usb

Mounting a Raspberry Pi's ext4 SD card on Ubuntu 14.04 inside VirtualBox on Mac OS X

Since I'm running a Mac, and don't have a spare linux-running machine that can mount ext4-formatted partitions (like those used by default for official Raspberry Pi distributions like Raspbian on SD cards), I don't have a simple way to mount the boot partition on my Mac to tweak files on the Pi; this is a necessity if, for example, you break some critical configuration and the Pi no longer boots cleanly.

To mount an ext4-formatted SD or microSD card on a Mac, the easiest option is to use VirtualBox (and, in my case, Vagrant with one of Midwestern Mac's Ubuntu boxes). Boot a new linux VM (any kind will do, as long as it's modern enough to support ext4), shut it down, go into Settings for the VM inside VirtualBox and enable USB, then reboot.

Follow these steps once the VM is booted, to mount the flash drive:

Hum or Buzz with a Logitech USB Headset

Logitech USB HeadsetProblem: I've heard from a lot of people about hum or background 'buzz' in recordings and Skype conversations when using a USB headset (like the one I have, the Logitech USB Headset H350). Almost every time I hear someone having this trouble, they're having the problem while using the headset with a laptop.

Solution: about 99% of the time, the problem is fixed by simply plugging the laptop into a grounded (3-prong) outlet.

Review: Kensington Wireless Presenter with Laser Pointer

Jeff's Rating: 5/5

tl;dr: Besides practice, there's nothing else that will help your presentation more than a rock-solid, handy, simple remote. And this one shoots out LASER BEAMS!

I've been giving presentations here and there for the past few years, and in the past, I've been tethered to my computer as I've needed to present slides, play videos in slideshows, and generally control things.

Kensington Wireless Presenter Remote with Laser Pointer - USB
(Embellished with my little 'property of' sticker.)

Running a Windows XP VM in Parallels (Mac) from a USB Flash Drive

I thought I'd post my experience here, for the benefit of others, because I couldn't find a whole lot of information about this specific use of an external USB flash drive.

I have a MacBook Air with a dainty 128GB SSD drive, so I try to keep large files that I rarely use on external drives. I have plenty of external USB and FireWire storage (over 6 TB), and running VMs in either Parallels or VMWare Fusion works great (very highly performant) off any of these external drives.

However, there's no way I'm going to lug around an external hard drive and USB cable (and maybe power adapter) just so I can test things in Internet Explorer (basically, the only use I have for Windows).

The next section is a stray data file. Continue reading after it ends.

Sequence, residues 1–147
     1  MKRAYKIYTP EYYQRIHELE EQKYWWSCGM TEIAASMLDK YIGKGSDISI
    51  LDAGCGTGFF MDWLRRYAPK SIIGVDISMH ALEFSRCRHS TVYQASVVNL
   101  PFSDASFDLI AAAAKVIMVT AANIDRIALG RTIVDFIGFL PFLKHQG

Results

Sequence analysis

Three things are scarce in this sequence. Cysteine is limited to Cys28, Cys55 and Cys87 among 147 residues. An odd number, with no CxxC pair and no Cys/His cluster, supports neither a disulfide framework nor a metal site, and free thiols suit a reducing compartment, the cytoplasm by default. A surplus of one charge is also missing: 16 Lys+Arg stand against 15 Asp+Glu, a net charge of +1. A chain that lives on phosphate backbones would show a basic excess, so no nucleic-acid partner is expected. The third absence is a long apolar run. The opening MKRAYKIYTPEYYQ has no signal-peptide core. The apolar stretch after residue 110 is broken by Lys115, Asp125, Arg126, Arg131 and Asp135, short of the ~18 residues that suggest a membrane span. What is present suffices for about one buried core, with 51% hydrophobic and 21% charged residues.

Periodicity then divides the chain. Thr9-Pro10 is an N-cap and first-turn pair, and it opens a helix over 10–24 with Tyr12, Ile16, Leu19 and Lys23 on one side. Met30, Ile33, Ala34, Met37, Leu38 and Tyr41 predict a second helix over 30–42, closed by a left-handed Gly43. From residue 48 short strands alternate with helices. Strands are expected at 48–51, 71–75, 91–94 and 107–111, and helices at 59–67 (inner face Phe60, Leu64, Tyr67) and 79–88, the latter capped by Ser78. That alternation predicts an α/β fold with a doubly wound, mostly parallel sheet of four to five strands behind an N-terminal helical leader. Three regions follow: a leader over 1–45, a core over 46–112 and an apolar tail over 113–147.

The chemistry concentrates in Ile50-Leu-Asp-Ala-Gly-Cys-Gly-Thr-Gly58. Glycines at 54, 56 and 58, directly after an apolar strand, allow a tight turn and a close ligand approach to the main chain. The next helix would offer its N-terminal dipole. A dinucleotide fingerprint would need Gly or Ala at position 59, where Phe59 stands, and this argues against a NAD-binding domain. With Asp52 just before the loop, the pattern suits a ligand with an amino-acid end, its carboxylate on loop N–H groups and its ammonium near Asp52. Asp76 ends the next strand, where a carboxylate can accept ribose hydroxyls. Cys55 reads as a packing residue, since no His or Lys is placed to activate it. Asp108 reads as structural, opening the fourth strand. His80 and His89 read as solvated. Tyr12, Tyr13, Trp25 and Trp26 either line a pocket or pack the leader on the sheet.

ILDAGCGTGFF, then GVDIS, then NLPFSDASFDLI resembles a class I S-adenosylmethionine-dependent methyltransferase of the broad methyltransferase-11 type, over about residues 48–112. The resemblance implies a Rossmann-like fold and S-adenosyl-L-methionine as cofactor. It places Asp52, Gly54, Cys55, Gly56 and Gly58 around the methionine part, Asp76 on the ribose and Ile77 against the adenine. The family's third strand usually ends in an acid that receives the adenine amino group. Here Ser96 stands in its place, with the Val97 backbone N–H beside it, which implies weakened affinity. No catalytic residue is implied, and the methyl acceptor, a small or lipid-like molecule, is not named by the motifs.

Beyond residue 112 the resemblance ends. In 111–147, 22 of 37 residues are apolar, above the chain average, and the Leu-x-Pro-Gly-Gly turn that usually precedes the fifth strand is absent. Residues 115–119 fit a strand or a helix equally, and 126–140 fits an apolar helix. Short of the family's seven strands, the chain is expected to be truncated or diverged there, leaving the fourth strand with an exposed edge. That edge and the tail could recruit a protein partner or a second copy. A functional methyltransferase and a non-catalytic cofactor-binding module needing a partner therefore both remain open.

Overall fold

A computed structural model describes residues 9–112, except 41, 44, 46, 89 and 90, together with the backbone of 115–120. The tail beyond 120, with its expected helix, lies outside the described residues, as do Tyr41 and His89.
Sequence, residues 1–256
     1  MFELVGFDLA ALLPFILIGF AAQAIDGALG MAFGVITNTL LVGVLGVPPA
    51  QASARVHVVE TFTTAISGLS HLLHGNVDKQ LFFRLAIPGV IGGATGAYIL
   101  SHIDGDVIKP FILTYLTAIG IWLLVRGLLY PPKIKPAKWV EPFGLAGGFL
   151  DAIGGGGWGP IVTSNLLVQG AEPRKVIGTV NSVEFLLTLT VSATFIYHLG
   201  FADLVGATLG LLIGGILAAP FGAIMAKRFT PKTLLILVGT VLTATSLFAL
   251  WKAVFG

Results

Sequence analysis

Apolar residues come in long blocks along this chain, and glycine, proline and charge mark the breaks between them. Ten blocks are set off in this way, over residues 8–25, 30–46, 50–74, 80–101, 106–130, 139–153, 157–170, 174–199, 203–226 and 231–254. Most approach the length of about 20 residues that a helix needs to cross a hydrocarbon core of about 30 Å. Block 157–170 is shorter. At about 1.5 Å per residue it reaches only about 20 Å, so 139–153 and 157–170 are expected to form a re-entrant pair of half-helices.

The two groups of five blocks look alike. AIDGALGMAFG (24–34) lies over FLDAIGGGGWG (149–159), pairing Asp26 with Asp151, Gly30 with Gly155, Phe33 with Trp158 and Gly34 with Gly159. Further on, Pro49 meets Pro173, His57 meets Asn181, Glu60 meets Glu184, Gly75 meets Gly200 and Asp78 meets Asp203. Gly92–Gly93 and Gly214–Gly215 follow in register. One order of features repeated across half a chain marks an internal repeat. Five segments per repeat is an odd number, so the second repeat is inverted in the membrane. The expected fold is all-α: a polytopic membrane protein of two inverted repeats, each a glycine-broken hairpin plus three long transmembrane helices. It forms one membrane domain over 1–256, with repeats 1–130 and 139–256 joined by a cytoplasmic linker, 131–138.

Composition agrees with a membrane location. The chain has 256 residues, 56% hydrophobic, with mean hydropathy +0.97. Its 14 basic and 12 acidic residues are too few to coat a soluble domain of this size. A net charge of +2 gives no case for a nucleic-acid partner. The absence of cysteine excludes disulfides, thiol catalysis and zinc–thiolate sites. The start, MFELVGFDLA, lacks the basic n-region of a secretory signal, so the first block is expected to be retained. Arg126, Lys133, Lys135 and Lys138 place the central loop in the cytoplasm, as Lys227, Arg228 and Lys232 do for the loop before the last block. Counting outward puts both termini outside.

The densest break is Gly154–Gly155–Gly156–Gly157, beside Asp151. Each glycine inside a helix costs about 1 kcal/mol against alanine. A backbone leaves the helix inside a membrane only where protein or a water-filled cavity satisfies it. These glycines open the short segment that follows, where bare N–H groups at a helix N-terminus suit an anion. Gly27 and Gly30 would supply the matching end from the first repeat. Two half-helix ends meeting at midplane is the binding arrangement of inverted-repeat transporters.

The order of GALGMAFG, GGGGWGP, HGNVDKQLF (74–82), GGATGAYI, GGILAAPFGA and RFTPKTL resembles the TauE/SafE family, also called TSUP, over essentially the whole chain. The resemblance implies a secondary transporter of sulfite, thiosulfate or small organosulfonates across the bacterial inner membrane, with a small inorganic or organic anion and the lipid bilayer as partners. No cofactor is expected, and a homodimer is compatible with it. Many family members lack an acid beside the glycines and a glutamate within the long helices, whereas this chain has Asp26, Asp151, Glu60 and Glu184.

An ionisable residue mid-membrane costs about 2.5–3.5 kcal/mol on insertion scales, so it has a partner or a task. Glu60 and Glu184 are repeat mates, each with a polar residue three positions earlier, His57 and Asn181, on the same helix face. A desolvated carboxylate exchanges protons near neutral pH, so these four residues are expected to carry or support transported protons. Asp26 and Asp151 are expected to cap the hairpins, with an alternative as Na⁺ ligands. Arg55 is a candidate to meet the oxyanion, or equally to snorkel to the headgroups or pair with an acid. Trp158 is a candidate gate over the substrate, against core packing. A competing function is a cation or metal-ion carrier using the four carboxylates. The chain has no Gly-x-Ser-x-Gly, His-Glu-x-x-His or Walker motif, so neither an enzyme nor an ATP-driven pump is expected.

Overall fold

Flash Drive to the Rescue!

I found a cheap 32GB USB flash drive that only sticks out of my MacBook Air half an inch, and copies at a consistent rate of 30MB/second (which is quite sufficient for most tasks). Also, the little drive should have very good read performance, since it's not a spinning platter. Write speed wouldn't be anything to brag about, but writing shouldn't happen all that often when simply opening up Internet Explorer—I hope!

Trouble Printing in Mac OS X Lion? Reinstall the driver

It always seems to happen after a major OS upgrade—no matter what the operating system... You go to print, and all the sudden you get a warning saying your printer drivers are not up-to-date or are not installed correctly.

In my case, I tried printing to my trusty and reliable Brother HL-2140 (laser printer), and I got a warning that Apple needed to update its drivers via Software Update. I let it try, but that failed. Any time I sent a new print job, the printer dialog simply told me there was an error, and the drivers were out of date.

I then deleted and added the printer in the Print & Scan system preference pane, which sometimes helps, but in this case did not. My printer is listed as being compatible with OS X 10.6 / Lion (check your own printer here), so that shouldn't be a problem. But, as is the case almost always, giving things a big konk in the head works.

Review: MaxConnect USB External Enclosure for Unibody MBP Optical Drive

Jeff's Rating: 3/5

tl;dr: A good way to get some use out of a displaced internal SuperDrive. Case design has its flaws, but it works pretty well.

If you want to make your MacBook Pro a true mobile workhorse, there are few things you can do that are better than adding in a second hard drive (for capacity or RAID), and/or swapping out the main hard drive for an SSD and loading your OS onto that (it's ridiculously fast!).

Using the Plextor PX-B120U Blu-Ray BDROM Drive with a Mac

A few notes from my initial use of the Plextor PX-B120U external USB BD-ROM drive (you can pick it up for under $100!):

  1. You need to plug the drive directly into your Mac, or use a USB hub capable of providing enough juice to power the device directly. Since the Plextor drive doesn't actually have an AC adapter, it needs all its juice through the USB port. (I was trying to plug it into my weak Belkin USB hub, and that wasn't working).
  2. You can use the drive with VMWare Fusion, but it seems you need Windows Vista or Windows 7 to be able to actually do anything besides read DVDs or CDs with the drive.
  3. I don't have Windows 7 (yet), so I can't yet test how well a new iMac can play back Blu-Ray discs using the included CyberLink PowerDVD 9 BD.
  4. I am evaluating MakeMKV (a native BD/DVD ripper for the Mac) to see if it will be able to do what I did for my HD-DVD collection—back everything up in full HD, including the surround sound tracks (I'm okay with Dolby Digital 5.1...)

I'll post back here with any new updates I find.

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